3 Things For A Better Night’s Sleep
Clear the Air: Breathe Deep
Start by rolling On the Mend into the palms of your hands and take a few deep breaths. The CBD receptors in our brains are activated and signal to the brain 'Hey, it's time to relax now. You're safe.'
Place your hands on the back of your neck and let the tension melt away. Gather up all the tension and energy in your hands and continue with a few neck circles in each direction.
- If you have a Himalayan Salt Stone, take a little extra time for a neck massage.
This also opens up breathing passageways to reduce snoring and nasal inflammation when sleeping.
Give Your Legs a Rest
If you suffer when restless legs syndrome or just have tired legs, try the Legs Up the Wall Pose to get a better night's sleep.
Legs Up the Wall Pose or Viparita Karan is a widely known restorative pose in the yoga community to deeply relax the body and mind.
We chose it as one of the exercises in the Sole Revival class because of the ability to reduce swelling while increasing circulation without a heavy load on the tendon or foot.
Massage the Vagus Nerve
Victoria Albina, NP has several ways to stimulate the vagus nerve into relaxation. She describes it like this: "The vagus nerve is part of the parasympathetic system. This is the system that supports us in chilling out. Centering. Calming ourselves. As well as digesting our food, having a healthy reproductive system, and healing.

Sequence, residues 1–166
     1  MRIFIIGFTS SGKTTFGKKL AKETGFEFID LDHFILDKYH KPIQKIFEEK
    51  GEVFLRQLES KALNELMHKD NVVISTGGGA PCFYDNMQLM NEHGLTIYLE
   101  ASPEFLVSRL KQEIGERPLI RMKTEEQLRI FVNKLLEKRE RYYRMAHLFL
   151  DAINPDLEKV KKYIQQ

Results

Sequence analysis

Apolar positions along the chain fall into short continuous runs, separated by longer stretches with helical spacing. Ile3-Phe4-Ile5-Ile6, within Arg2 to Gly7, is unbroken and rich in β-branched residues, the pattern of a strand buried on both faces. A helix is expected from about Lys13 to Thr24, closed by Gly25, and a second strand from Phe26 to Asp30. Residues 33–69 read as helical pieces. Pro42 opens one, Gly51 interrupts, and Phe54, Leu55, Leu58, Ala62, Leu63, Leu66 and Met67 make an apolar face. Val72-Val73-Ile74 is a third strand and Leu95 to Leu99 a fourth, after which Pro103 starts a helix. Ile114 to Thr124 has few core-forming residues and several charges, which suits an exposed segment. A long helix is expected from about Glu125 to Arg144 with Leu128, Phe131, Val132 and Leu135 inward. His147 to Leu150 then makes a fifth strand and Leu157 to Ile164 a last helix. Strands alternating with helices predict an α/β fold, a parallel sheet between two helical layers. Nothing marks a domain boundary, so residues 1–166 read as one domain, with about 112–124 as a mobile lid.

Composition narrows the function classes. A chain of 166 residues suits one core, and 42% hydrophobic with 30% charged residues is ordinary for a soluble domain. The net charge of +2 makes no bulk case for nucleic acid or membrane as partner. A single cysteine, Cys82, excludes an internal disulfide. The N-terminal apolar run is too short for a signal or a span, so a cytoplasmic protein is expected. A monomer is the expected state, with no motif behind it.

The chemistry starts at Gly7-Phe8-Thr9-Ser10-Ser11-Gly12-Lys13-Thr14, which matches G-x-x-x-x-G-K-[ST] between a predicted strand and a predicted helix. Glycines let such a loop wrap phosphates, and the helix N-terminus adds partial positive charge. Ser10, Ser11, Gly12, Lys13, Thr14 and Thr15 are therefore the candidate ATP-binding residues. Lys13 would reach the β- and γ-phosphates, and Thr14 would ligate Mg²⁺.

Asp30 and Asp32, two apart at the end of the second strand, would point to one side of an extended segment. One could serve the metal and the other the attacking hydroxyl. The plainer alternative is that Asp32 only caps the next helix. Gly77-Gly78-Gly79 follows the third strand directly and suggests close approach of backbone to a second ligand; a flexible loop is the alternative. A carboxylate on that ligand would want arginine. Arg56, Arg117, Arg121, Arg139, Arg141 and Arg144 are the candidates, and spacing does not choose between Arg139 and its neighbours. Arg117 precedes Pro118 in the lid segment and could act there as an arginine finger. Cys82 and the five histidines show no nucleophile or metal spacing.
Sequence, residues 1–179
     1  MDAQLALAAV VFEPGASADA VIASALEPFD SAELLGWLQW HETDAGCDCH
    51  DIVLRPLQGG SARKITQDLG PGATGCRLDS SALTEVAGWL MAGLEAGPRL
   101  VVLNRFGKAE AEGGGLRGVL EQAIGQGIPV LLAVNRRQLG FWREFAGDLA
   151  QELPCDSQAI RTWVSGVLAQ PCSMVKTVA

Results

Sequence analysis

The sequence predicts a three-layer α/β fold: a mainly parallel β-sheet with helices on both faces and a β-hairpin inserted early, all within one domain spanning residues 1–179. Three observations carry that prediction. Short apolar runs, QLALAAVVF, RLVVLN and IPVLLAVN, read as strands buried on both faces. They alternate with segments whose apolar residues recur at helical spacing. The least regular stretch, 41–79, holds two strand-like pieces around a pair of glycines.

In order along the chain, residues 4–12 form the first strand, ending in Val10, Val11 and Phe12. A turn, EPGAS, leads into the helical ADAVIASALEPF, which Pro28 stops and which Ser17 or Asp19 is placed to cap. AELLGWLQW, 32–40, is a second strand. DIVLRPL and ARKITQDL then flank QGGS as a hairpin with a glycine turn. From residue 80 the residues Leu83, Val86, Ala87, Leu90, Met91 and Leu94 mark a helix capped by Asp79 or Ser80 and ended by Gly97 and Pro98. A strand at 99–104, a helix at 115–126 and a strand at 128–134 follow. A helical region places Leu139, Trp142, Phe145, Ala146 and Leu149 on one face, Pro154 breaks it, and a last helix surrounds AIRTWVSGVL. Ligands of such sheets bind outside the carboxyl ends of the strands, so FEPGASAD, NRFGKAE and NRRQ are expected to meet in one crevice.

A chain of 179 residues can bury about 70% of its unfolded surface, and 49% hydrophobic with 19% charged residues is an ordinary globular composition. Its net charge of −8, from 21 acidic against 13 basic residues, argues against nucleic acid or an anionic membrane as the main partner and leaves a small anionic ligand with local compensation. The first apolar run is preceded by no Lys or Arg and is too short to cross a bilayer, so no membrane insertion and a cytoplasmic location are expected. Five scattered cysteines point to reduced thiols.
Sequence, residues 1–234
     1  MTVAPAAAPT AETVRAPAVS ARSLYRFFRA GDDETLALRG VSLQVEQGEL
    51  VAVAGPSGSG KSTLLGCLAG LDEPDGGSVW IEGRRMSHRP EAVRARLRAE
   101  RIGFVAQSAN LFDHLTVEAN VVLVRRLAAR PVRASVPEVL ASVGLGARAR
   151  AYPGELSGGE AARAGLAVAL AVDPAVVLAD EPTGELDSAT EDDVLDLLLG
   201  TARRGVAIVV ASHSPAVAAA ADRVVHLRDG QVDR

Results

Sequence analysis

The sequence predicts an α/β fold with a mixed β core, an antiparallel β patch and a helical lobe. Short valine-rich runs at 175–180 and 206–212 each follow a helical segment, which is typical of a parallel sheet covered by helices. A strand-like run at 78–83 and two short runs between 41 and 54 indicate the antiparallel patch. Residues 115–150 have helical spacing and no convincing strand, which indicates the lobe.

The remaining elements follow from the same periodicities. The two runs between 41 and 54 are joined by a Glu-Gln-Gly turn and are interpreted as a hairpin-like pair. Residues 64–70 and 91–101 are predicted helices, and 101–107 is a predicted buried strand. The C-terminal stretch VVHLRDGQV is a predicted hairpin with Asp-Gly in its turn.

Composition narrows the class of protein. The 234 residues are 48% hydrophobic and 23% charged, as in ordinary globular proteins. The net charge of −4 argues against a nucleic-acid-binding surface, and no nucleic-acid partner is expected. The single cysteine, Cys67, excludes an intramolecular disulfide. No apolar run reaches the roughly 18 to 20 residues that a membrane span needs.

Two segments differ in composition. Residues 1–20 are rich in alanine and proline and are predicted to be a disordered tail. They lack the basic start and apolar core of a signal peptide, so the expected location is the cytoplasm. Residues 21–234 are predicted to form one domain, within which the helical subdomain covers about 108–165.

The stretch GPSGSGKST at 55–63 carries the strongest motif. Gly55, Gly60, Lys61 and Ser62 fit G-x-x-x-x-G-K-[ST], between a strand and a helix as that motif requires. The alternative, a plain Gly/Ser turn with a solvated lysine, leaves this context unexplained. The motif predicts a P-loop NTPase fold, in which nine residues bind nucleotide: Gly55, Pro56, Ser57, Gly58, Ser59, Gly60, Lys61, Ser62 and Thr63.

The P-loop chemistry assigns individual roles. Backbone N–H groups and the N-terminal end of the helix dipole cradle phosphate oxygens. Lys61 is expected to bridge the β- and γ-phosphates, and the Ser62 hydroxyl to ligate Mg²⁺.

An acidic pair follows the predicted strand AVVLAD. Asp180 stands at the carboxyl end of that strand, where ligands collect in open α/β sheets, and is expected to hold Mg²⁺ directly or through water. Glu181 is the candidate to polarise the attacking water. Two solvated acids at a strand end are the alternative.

Massaging the carotid sinus, an area located near the right side of your throat, can also stimulate the vagus nerve. Start by applying On the Mend oil right below the ear and massage down toward the heart (*as seen in the video above )
In addition to massage, she recommends meditation and deep breathing as well.
Meditate. Meditation and deep breathing stimulate the vagus nerve. (13, 14, 15)
- Whatever meditation works best for you is the best kind to do – some folks like a guided meditation, some like to focus on the breath, taking 5-10 deep, slow belly breaths. It doesn’t matter what you choose, as long as you make a daily habit of doing at least 2 minutes of meditation every day.
Breathe Deeply and Slowly. There are neurons in both the heart and the neck that contain baroreceptors, or cells that monitor your blood pressure, and send signals back and forth with your brain.
- When we take deep, slow belly breaths, we activate the vagus nerve to lower fight or flight, and activate our rest and digest parasympathetic nervous system, thus lowering heart-rate, blood pressure and feeling of anxiety. (16)
- On average, we take 10 to 14 breaths per minute – but to stimulate the vagus nerve, try to take only 6 breaths per minute. Breathe in deeply, allowing your stomach to expand, then breathe out very slowly. (17)